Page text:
Glaciers terminating in the eastern part of Inglefield Bredning retreated between 1892 and 1985 (Dawes and van As, 2010). Since the 1990s, generally retreating trends have been reported for some of the studied glaciers, including the most rapid retreat observed at Tracy Glacier at a rate of 248 m a−1 from 1991 to 2010 (Howat and Eddy, 2011). Heilprin and Tracy Glaciers are the two largest glaciers in this region, having a drainage basin of 10 439 km2 in total and ice volume loss of 1.0 km3 a−1 in 2005 (Rignot and Kanagaratnam, 2006). Porter and others (2014) estimated the mass budget of these two neighboring glaciers and found faster ice loss at Tracy Glacier. They attributed the difference in the mass budget to the ocean depth at the calving front, i.e. the ice front of Tracy Glacier is more deeply submerged in ~600-m-deep water and thus more strongly influenced by ocean heat. According to previously reported ice speed maps covering this region (Rignot and Kanagaratnam, 2006; Joughin and others, 2010; Moon and others, 2012), the fastest flow speed occurs near the terminus of Tracy Glacier, where the ice flowed at a rate of 1400 m a−1 in 2000 (Rignot and Kanagaratnam, 2006). Sugiyama and others (2015) performed field and satellite observations at Bowdoin Glacier and reported a more than twofold speedup from 207 to 457 m a−1 between 2000 and 2004, which was followed by a rapid retreat which began in 2008. According to the study, the rapid retreat of Bowdoin Glacier was triggered by atmospheric and/or ocean warming, and strongly influenced by changes in glacier dynamics near the calving front.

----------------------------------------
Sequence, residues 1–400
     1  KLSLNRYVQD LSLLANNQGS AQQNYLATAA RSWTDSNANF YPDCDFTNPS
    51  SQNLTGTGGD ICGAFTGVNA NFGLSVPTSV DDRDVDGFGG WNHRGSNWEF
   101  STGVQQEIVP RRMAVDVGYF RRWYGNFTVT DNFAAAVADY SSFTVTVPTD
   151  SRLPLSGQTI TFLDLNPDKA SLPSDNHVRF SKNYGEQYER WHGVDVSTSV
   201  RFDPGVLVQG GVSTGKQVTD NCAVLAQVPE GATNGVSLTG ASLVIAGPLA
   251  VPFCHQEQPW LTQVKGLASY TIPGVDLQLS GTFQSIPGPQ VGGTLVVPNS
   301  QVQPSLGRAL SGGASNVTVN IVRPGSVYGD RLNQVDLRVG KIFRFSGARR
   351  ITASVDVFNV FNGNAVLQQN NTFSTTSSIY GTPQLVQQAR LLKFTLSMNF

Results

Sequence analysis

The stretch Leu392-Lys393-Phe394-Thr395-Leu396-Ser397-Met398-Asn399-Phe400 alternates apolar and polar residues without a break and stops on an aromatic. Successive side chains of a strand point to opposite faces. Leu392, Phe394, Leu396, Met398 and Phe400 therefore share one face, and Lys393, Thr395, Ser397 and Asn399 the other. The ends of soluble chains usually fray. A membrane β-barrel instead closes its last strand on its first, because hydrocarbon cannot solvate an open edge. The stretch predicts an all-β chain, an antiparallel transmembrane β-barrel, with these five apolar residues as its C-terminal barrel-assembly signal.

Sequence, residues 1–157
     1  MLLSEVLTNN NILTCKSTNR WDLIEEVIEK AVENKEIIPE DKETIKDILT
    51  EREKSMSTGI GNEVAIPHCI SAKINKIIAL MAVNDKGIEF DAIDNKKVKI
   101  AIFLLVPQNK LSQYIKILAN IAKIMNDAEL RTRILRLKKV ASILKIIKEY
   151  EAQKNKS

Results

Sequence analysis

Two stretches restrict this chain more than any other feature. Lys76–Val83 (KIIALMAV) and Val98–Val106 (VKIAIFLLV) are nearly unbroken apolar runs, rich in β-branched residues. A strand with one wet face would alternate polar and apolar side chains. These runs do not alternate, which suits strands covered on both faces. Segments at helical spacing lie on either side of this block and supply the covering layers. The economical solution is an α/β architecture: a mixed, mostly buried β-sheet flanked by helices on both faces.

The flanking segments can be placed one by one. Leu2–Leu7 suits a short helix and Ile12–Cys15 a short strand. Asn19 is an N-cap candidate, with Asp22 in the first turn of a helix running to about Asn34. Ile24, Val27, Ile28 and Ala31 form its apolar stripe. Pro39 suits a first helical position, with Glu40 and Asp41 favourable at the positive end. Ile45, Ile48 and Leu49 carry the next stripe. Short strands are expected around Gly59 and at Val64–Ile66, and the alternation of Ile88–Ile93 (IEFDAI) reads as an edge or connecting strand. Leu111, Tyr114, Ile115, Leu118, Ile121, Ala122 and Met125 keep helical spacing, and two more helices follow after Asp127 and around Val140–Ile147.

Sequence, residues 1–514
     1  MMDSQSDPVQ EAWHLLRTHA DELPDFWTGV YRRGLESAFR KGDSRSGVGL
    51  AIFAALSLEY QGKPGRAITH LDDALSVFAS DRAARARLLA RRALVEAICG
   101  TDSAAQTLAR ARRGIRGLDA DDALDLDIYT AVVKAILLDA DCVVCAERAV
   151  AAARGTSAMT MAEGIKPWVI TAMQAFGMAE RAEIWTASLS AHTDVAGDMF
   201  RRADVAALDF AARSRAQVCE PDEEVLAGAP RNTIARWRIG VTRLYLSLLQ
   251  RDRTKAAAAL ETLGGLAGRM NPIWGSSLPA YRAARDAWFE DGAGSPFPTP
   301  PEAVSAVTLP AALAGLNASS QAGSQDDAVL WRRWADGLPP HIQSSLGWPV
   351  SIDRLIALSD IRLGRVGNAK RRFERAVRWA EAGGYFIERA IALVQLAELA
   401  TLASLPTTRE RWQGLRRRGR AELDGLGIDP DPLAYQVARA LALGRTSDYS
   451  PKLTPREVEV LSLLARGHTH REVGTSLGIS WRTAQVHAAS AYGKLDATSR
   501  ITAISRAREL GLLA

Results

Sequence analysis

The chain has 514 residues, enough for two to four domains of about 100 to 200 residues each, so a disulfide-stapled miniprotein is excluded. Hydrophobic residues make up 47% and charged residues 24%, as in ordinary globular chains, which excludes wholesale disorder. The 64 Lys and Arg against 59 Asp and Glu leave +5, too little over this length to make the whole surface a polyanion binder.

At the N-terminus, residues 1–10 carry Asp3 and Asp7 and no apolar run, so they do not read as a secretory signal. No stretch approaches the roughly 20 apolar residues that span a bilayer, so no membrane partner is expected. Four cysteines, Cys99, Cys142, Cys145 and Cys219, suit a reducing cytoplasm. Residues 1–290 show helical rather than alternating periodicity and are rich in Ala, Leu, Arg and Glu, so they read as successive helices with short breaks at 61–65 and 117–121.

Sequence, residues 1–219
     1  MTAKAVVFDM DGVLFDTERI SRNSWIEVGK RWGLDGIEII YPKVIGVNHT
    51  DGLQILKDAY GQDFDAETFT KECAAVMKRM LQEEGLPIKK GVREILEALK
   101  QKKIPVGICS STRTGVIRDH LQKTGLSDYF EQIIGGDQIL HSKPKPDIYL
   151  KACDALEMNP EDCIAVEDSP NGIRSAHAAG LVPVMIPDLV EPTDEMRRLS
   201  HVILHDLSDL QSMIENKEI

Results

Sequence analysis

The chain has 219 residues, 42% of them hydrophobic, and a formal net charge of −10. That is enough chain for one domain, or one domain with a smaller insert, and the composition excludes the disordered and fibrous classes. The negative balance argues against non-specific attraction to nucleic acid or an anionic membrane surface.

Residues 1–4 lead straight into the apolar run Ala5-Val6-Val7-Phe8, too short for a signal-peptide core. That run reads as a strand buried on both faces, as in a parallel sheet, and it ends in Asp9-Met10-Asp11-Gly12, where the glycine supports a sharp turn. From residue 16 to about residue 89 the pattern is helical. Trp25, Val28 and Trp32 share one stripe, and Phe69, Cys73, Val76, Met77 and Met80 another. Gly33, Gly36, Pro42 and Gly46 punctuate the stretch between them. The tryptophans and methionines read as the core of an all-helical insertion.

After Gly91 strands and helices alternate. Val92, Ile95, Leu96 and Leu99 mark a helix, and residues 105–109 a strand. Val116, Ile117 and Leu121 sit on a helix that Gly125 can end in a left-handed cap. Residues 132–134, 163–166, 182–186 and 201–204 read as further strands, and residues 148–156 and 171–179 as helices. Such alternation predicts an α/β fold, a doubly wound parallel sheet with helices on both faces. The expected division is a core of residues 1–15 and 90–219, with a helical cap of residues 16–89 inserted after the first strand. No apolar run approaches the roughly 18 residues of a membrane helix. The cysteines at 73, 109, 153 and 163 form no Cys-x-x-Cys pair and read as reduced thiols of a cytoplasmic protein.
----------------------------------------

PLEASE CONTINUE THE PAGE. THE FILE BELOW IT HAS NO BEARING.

3.1. Data